Fintech has been one of the ASEAN region’s major economic success stories. But 2020 might not hold the sector’s next digital breakthrough.
The digital economy in Southeast Asia has been one of the region’s economic success stories. In 2019, the region’s internet economy crossed the US$100 billion valuation mark, posting three-fold growth in barely four years.
Transactions are the lifeblood of any industry, and the development and adoption of digital payments, in particular, has been a major driver of long-term growth. As more of ASEAN’s 198 million unbanked citizens gain access to financial service products, the region is tipped for enormous growth and is considered one of the major global fintech hotspots.
The ASEAN online economy reached an inflection point in 2017
The sector’s phenomenal pace of growth led Google-Temasek to declare that the region’s internet economy reached a turning point at the end of 2017.
In four years 100 million citizens from Singapore, Indonesia, Thailand, the Philippines, Malaysia, and Vietnam came online, bringing the total digital population residing in these six countries to 360 million.
Increased demand for ride-hailing, e-commerce, online media, travel, and fintech products established a solid base from which the Southeast Asian digital economy has been able to expand and flourish.
Fintech is riding on the digital payments wave
Cashless transactions are hastily expanding in all major ASEAN markets. Driven by the explosion of demand in ride-hailing, food delivery, and digital media, more and more Southeast Asians are moving to cards, online bank payments, and e-wallets for their daily spending needs.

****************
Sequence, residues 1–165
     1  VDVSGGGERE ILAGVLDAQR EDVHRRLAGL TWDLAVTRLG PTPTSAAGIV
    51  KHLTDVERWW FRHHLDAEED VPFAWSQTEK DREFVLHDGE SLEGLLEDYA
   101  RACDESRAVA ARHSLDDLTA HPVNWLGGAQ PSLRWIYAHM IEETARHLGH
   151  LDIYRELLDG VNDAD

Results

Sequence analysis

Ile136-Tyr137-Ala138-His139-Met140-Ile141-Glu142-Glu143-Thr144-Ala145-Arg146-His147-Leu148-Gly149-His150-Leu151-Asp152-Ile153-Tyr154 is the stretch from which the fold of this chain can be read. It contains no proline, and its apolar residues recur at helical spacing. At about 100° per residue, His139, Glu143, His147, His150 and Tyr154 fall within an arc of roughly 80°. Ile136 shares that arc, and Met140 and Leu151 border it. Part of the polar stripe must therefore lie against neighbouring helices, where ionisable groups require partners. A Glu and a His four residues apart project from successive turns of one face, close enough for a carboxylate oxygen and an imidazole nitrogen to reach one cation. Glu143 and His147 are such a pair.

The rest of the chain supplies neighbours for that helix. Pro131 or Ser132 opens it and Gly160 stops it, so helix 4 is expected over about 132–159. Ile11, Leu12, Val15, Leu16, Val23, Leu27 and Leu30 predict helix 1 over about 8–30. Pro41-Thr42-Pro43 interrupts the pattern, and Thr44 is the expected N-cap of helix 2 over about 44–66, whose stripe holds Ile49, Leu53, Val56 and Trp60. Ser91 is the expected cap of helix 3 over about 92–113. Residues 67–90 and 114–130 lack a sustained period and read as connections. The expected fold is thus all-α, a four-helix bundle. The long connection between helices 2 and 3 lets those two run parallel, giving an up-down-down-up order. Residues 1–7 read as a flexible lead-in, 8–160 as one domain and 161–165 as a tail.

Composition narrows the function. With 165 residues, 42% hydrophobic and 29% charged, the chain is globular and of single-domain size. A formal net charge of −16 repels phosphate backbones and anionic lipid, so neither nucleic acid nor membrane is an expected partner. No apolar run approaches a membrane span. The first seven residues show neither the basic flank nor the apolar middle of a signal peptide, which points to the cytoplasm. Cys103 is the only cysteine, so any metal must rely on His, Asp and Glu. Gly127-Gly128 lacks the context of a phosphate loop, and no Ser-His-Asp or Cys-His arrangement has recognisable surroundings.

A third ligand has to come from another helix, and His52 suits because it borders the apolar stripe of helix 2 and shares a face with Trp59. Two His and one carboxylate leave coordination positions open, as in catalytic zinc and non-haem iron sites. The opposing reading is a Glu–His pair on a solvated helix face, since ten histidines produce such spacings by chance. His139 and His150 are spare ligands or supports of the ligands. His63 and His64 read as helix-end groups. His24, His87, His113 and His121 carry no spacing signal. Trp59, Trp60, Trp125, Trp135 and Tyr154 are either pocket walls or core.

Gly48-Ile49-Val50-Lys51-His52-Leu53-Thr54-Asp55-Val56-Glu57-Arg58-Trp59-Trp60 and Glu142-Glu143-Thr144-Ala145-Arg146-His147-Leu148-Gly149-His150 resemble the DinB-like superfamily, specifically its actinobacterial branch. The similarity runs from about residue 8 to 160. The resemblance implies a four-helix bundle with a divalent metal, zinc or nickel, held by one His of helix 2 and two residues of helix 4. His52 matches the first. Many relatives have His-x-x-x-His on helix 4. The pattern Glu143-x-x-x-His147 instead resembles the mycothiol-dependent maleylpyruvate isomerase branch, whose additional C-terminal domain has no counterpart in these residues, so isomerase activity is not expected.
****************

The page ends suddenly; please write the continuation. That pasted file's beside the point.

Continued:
In 2019, digital payments transactions reached US$600 billion in consumer spending, with e-wallets accounting for US$22 billion. In the next six years, Google-Temasek projects payments will double to U$1.1 trillion, with e-wallets accounting for a five-fold growth to US$114 billion.
Other sub-sectors have potential but cannot match digital payments as a growth driver
The ASEAN fintech landscape is a breeding ground for startups and experiments in other emerging sectors including insurtech, digital lending, online remittances, and assorted financial services. However, none have seen the same explosive growth as digital payments.
Digital lending has massive potential in a region where nearly two-thirds of the population do not have access to basic banking services, and the vast majority of small and medium enterprises (SMEs) have no access to credit. If any fintech sector can follow in the footsteps of digital payments, it is the online lending industry, powered by innovative new models like peer-to-peer (P2P) lending.
Southeast Asia is widely considered to be the next big frontier for P2P lending. With US$23 billion worth of loans disbursed in 2019, the sector is still in its nascent stages and Singapore is leading the P2P charge. In 2017, the city-state was responsible for US$83.8 million of P2P loans, over 58% of Southeast Asia’s total volume. If it can overcome the various obstacles, the industry can expect to post strong growth in the coming years.
But challenges await